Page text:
Beth has to think about how she treats the soil and what she is doing, because it’s a listed landscape and we want to do it as sympathetically as possible, and as sustainably as possible. Beth and her project is looking to make sure we reuse some of the green waste we generate on site and plant that back into the area. This is a great example showing what we do, but also gives Beth the opportunity to make a difference.
Apprenticeships will ensure we secure the skill set for the future because the marketplace is pretty tight for what we are looking for and the best way of delivering the product is to actually get them in and get them trained up to understand what we are trying to achieve in the University – Grow our own. So, having an apprentice has been invaluable, and I’m sure we’ll get value out of the arboriculture apprentice we are about to recruit as they will get greater understanding of what the custodianship of our large tree stock is going to be and what that involves, which is slightly different from the commercial sector where they mainly fell and prune trees. Our Arb apprentice will do a lot of tree planting and making sure the landscape is here for future years to enjoy.
It shouldn’t really matter who visits our grounds, whether it’s a member of the public, student, member of staff it’s the same experience you want to give people. Apprentices get an understanding of this early on, and the value of having an open space where the University invests almost a million pounds a year looking after the grounds, so that other people can enjoy them, is a community benefit and a resource for the city of Exeter – we do have a few rules and regulations so that people respect our grounds when they are here, but it is a valuable community asset and the apprentices play a role in providing that.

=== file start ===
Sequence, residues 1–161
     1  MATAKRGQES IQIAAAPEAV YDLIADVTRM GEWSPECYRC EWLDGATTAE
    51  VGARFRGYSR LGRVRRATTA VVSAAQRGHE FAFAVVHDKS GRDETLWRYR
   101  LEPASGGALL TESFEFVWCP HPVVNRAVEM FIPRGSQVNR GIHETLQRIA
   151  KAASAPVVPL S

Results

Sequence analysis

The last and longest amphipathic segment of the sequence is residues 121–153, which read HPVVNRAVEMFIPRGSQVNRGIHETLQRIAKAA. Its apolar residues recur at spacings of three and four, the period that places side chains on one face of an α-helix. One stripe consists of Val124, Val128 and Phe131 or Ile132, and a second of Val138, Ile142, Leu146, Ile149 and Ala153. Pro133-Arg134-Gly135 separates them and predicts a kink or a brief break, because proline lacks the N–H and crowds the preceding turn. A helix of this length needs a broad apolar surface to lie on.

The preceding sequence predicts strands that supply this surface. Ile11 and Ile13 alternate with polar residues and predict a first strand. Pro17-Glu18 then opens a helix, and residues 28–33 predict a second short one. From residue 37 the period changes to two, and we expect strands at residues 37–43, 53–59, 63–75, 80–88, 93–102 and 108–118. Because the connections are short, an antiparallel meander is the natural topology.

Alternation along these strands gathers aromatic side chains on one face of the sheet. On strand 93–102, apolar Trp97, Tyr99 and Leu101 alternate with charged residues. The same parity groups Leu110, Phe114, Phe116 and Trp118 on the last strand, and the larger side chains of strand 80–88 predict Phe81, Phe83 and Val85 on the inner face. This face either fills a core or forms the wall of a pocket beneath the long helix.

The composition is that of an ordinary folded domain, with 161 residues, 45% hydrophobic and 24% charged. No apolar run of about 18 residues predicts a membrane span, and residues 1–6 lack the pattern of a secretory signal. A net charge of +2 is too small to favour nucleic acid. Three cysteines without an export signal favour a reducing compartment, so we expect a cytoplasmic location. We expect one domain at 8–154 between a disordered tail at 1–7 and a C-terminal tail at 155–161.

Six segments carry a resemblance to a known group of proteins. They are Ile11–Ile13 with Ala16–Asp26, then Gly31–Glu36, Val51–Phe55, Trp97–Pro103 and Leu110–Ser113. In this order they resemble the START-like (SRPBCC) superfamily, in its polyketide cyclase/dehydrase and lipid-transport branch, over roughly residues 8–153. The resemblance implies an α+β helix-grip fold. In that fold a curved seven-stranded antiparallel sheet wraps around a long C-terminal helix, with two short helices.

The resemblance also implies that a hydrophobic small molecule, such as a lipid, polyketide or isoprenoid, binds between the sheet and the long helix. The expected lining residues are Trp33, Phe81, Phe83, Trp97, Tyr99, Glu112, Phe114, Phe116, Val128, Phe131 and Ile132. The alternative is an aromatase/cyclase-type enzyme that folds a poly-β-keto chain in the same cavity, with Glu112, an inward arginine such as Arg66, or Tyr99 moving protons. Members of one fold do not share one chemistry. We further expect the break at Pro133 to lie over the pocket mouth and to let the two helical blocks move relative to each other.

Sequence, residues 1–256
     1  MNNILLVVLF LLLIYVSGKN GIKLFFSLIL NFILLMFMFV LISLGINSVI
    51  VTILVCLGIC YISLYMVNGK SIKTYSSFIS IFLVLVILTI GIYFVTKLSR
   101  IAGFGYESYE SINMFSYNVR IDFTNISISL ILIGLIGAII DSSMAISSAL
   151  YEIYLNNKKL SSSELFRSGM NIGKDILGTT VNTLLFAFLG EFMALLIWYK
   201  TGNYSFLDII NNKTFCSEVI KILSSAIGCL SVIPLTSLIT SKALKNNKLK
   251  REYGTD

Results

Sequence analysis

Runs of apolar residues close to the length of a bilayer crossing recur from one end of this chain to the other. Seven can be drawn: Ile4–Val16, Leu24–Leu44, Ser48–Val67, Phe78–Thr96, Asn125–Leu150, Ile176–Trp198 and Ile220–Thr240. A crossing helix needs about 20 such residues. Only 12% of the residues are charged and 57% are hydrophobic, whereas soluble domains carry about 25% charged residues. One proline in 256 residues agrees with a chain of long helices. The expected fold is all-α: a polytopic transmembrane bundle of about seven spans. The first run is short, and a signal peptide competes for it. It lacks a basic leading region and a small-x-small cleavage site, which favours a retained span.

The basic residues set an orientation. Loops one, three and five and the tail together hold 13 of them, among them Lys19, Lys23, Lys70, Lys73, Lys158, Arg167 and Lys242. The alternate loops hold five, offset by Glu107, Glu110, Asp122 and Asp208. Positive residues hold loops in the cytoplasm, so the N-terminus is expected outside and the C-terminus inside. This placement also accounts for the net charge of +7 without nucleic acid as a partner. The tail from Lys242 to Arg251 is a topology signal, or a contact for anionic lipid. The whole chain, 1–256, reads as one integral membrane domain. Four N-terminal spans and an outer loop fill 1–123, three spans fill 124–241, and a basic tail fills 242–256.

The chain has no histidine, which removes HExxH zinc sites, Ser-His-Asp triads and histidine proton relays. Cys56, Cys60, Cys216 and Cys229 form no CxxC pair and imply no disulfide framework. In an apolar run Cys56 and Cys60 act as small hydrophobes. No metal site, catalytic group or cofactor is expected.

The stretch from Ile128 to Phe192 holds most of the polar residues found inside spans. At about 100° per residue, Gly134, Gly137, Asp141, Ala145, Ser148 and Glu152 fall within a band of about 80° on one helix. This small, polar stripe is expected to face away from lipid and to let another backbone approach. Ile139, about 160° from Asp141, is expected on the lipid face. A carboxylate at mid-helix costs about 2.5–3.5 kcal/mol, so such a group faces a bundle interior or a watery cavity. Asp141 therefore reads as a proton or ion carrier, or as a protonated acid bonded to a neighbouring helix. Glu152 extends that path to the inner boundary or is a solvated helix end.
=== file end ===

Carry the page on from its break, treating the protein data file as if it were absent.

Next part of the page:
Apprenticeships in the grounds team have introduced the ability to exchange information. Our apprentice moves around different teams, all with different skill sets. It’s interesting to see the interaction between the apprentice and our staff, apprentices bring a passion, enthusiasm and on some occasions breathe new life into our teams. In terms of dynamics within the team, it’s always interesting to have somebody who wants to learn working alongside somebody more experienced, and getting feedback so we try to make sure we appoint the person who’s going to be right and a good fit for the team. We are looking for people to be passionate about what they are doing, attend college regularly, engage with our staff and add value to our teams.
As part of our 1:1s and annual appraisals we are identifying areas we think might be good for our current staff as an individual and for the service in terms of giving staff apprenticeship training opportunities and experience. The apprenticeships scheme within the University is a broad scheme and we are grateful for that. It means that people from school age to our more mature staff are able to access training and funding.